After crossing the canal for the first time in an aligned flight, the pilot raised the degree of difficulty by performing a series of risky tricks during his second pass. The Hungarian then continued with a flight under the old bridge of Corinthos, followed by a vertical climb and a steep descent into the Canal. Besenyei completed his programme performing two impressive loops around the bridge.
“This is a dream come true. The Corinth Canal is a historic location and has always been a challenge for me. It’s great to be in Greece. I really enjoyed this unique experience,” commented Besenyei, who was crowned champion in the first season of the Red Bull Air Race and has remained one of the competition’s leading pilots ever since.
The 57-year-old started his career as a test pilot for the Hungarian Aviation Office and as an aerobatics flying instructor. Today he is one of the most popular sportsmen in his native Hungary thanks to his unrivalled flying success. Besenyei attracted international attention several years ago with a spectacular upside-down flight under the Chain Bridge that spans the Danube river in Budapest.
RED BULL AIR RACE: Air Race returns – Bonhomme beats old rival
The Red Bull Air Race World Championship returned from a three-year break with a spectacular three-way battle for the victory in the bright blue skies over Abu Dhabi with Britain’s Paul Bonhomme prevailing in front of 100,000 spectators.
ABU DHABI (UAE) – Britain’s Paul Bonhomme won the 2014 Red Bull Air Race World Championship season opener in Abu Dhabi on Saturday with a clutch performance in a pressure-packed finale ahead of his perennial rival Austria’s Hannes Arch in second and Canada’s Pete McLeod in third.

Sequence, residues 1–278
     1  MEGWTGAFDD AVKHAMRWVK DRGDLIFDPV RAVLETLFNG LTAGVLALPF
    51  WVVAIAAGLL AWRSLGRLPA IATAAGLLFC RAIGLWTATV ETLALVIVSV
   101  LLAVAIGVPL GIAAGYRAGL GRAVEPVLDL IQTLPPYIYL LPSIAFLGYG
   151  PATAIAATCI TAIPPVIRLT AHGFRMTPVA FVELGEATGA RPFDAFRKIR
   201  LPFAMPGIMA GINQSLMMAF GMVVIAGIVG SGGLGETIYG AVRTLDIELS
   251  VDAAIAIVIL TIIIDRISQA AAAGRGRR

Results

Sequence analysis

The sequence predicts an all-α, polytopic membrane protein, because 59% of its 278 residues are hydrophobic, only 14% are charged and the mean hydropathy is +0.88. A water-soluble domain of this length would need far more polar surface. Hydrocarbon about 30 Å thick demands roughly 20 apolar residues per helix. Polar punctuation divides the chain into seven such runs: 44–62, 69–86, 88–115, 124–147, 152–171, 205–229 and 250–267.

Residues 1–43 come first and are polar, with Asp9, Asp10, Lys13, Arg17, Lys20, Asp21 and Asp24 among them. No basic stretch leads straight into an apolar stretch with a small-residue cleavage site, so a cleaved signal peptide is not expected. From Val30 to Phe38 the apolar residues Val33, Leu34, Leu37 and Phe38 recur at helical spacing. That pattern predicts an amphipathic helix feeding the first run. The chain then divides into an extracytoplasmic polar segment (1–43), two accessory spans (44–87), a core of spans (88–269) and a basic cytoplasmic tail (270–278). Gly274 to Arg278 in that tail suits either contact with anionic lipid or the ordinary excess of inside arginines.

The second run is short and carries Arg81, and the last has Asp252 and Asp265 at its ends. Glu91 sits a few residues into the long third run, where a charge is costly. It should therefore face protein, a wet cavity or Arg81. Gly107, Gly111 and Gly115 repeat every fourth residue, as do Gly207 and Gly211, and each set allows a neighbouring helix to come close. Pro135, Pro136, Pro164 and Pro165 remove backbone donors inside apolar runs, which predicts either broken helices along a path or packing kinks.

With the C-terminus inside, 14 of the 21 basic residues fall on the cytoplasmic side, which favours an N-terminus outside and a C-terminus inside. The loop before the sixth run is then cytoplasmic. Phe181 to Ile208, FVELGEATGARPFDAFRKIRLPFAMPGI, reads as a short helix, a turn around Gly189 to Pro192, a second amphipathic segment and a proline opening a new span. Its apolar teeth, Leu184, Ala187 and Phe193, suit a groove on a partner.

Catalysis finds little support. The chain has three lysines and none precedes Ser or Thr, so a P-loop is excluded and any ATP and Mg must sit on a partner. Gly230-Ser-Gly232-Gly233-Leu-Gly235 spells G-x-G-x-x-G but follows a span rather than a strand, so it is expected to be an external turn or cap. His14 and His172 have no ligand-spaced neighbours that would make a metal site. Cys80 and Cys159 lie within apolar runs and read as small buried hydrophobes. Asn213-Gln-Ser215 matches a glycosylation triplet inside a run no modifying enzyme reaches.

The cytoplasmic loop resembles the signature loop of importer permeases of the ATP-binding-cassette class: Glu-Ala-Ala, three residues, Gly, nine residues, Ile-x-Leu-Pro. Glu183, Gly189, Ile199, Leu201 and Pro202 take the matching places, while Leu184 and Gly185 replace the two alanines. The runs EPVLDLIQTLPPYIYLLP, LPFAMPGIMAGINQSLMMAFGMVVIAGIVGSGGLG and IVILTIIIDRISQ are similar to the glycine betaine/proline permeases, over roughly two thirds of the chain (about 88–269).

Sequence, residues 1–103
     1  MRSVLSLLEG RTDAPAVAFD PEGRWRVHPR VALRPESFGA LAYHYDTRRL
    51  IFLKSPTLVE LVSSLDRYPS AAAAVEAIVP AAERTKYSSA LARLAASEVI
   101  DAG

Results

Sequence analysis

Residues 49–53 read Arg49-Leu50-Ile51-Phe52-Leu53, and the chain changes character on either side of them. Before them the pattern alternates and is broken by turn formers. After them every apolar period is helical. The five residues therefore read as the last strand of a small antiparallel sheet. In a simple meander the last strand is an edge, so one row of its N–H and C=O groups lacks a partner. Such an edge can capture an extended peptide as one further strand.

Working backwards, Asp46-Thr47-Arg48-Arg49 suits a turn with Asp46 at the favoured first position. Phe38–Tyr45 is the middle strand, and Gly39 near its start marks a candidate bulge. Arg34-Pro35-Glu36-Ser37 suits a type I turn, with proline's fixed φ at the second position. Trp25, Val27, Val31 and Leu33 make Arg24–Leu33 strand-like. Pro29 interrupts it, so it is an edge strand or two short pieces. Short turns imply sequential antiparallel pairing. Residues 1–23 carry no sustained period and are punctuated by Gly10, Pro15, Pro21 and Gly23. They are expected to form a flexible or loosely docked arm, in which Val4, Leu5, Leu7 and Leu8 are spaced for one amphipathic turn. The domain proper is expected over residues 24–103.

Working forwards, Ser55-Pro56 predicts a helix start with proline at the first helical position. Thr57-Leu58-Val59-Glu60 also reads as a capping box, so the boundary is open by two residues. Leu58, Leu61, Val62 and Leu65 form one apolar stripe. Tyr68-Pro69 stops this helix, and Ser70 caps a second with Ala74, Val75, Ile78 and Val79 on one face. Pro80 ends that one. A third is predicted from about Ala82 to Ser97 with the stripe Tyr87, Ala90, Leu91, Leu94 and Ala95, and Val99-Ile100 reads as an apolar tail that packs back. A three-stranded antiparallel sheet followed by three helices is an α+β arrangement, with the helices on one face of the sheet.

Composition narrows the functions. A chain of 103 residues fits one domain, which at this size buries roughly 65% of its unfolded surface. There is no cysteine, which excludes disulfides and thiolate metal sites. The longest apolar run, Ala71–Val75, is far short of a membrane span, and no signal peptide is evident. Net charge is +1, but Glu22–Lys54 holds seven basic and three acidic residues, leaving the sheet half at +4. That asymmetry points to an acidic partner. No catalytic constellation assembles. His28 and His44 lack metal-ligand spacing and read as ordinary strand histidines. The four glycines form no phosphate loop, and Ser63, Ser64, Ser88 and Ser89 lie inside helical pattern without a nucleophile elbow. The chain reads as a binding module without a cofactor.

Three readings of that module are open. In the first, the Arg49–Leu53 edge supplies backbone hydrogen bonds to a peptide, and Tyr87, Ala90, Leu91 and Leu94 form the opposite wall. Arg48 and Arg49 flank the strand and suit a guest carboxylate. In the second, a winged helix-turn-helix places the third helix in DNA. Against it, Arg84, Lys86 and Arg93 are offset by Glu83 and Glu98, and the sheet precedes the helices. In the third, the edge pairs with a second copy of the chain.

The defending champion had fallen behind both red-hot McLeod, who got a career-first podium, and his old nemesis Arch in the penultimate round of the high-speed, low-altitude racing over the turquoise waters of the Arabian Gulf but managed to fly nearly two seconds faster in the final round with the day’s best time – 56.439 seconds with Arch a blink of an eye behind in 56.776. It was a fittingly thrill-filled start to the 2014 season of the world’s fastest motorsport series.
“There was huge pressure out there and it was so much work to get back here,” said Bonhomme, who won the 2009 and 2010 championship ahead of Arch. But both were worried that rule changes, such as the introduction of standardized engines for all 12 pilots, would make the field more competitive and that is exactly what happened with McLeod, Matt Hall of Australia and Nigel Lamb of Britain, and Martin Sonka of the Czech Republic all flying within a second of each other in Friday’s Qualifying session.
Results: 1. Paul Bonhomme (GBR), 2. Hannes Arch (AUT), 3. Pete McLeod (CAN), 4. Matt Hall (AUS), 5. Nigel Lamb (GBR), 6. Matthias Dolderer (GER), 7. Martin Sonka (CZE), 8. Nicolas Ivanoff (FRA), 9. Yoshihide Muroya (JPN), 10. Peter Besenyei (HUN), 11. Kirby Chambliss (USA), 12. Michael Goulian (USA).